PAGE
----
March 1, 2019 - Staatliche Kunstsammlungen Dresden - Heimo Zobernig: Piet Mondrian: A Spatial Appropriation / Demonstration Rooms
March 1, 2019

Staatliche Kunstsammlungen Dresden

(1) Piet Mondrian, Colour Design for the Salon of Ida Bienert, 1926. © SKD. Photo: Hans-Peter Klut. (2) Heimo Zobernig in cooperation with Eric Kläring, Piet Mondrian, Eine räumliche Aneignung, 2019. © VG Bild-Kunst, Bonn 2019.

Heimo Zobernig: Piet Mondrian: A Spatial Appropriation
Demonstration Rooms
Interventions by Céline Condorelli, Kapwani Kiwanga, Judy Radul
March 2–June 2, 2019

Staatliche Kunstsammlungen Dresden
Albertinum
Georg-Treu-Platz and Brühlsche Terrasse
01067 Dresden
Germany
Hours: Tuesday–Sunday 10am–6pm

T +49 351 49142621
presse@skd.museum

albertinum.skd.museum
Facebook / Instagram

Heimo Zobernig: Piet Mondrian: A Spatial Appropriation
Demonstration Rooms
Interventions by Céline Condorelli, Kapwani Kiwanga, Judy Radul
March 2–June 2, 2019

Staatliche Kunstsammlungen Dresden
Albertinum
Georg-Treu-Platz and Brühlsche Terrasse
01067 Dresden
Germany
Hours: Tuesday–Sunday 10am–6pm

T +49 351 49142621
presse@skd.museum

albertinum.skd.museum
Facebook / Instagram

Avant-garde spatial designs by Piet Mondrian and El Lissitzky that were developed for Dresden in 1926 are the starting point for two exhibitions with newly commissioned works by contemporary artists in the Albertinum that will be presented parallel to the museum's exhibition Visionary Spaces. Kandinsky, Mondrian, Lissitzky and the Abstract-Constructivist Avant-Garde in Dresden 1919–1932. The historical designs are the intellectual framework for a confrontation with different categories of space as geometric form and as a social place.

Heimo Zobernig. Piet Mondrian: A Spatial Appropriation
For the atrium of the Albertinum, Heimo Zobernig has developed a walk-in spatial installation composed of colored surfaces. Its design harkens back to three 1926 sketches by Piet Mondrian, who drew them for a room in the villa of the Dresden art collector Ida Bienert, which is presented as part of the exhibition Visionary Spaces at the Albertinum. For the walls of the room, Mondrian foresaw a grid that should be painted with yellow, blue, red and grey color fields. Zobernig transfers this foundational design principle of Mondrian into a walk-in cube that corresponds to the original dimensions of the room and is composed of a construction of nested wooden panels. At the same time, Zobernig repeats the design of the inner space on its surfaces and makes Mondrian’s unexecuted design now able to be experienced spatially and sculpturally. Heimo Zobernig's work since the mid-1980s has repeatedly dealt with the design of spaces and the presentation of art, such as in the context of his spatial installation for the Austrian Pavilion at the 56th Venice Biennale in 2015. He published a color theory and dealt in detail with geometric abstraction like that of Piet Mondrian.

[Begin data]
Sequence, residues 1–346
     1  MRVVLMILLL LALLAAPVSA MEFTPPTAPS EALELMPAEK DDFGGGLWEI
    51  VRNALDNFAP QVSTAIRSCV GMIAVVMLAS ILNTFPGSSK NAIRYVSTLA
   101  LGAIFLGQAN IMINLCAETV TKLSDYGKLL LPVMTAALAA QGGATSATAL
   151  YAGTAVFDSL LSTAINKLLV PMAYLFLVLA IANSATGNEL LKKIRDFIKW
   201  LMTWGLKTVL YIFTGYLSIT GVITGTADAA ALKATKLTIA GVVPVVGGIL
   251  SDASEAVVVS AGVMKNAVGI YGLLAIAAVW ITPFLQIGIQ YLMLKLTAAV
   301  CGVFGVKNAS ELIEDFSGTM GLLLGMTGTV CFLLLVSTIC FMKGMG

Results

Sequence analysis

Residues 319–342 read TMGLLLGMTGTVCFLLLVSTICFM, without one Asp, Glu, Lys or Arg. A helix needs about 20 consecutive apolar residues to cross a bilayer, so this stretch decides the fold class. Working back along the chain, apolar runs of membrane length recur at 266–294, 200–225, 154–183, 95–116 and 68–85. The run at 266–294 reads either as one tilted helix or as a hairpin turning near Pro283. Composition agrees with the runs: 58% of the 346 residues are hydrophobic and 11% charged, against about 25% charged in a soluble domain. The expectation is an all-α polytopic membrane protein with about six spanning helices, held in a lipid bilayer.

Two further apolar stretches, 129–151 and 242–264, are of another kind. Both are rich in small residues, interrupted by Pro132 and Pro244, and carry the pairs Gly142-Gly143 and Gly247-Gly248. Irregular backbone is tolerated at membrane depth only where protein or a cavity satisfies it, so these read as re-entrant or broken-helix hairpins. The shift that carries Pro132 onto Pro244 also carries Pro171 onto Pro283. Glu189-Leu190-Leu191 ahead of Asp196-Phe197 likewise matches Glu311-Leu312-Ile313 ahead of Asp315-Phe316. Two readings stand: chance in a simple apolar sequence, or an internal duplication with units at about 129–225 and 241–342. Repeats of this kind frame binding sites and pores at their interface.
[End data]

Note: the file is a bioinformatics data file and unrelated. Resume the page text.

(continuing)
In a painting series begun in 2000, Zobernig examines the grid as the guiding artistic form since modernity with materials like acrylic paint and tape. A selection of earlier paintings from this series will be exhibited to accompany his installation in the Albertinum. 

Demonstration Rooms: Interventions by Céline Condorelli, Kapwani Kiwanga, Judy Radul
The artists Céline Condorelli, Kapwani Kiwanga, and Judy Radul were invited, within the framework of the project Demonstration Rooms, to develop artistic interventions in the collection presentation of the Albertinum. In different spaces of the museum, they show site-specific works that direct the focus to those elements of the exhibition that otherwise would be easily overlooked: benches, light, plinths, and the transparent walls of the Albertinum's special viewing depot. The new commissions reflect the display of art as well as habits of seeing and of spatial perception. In doing so, they take up the ideas of El Lissitzky, who used the term “demonstration rooms” for his works, such as the Room for Abstract Art, which had originally been created as an exhibition space for the Internationale Kunstausstellung Dresden in 1926 and can now be seen as a reconstruction in the exhibition Visionary Spaces. With his unconventional spatial design, he aimed to activate art spectatorship.

The publication A Glossary of Display will present the results of a one-day symposium to take place in spring 2019.

The Albertinum is the Dresden State Art Collections’ museum of modern and contemporary art and holds one of the largest collections of paintings and sculpture from the early nineteenth century to the present in Germany.

 

Related program

Around the Table to the Door
March 30, 12–12:30pm
Dance performance by the Palucca University of Dance Dresden, based on Mondrian's spatial designs 

Sitting in the museum. Céline Condorelli
April 5, 1–1:30pm 

Exploring Mondrian Compositions in Three-dimensional Space
April 14, 6:30–8pm
Talk & VR-Presentation by Johannes Zanker, Professor of Neuroscience at Royal Holloway University London 
 

#albertinum #skdmuseum #demonstrationrooms #visionaryspaces

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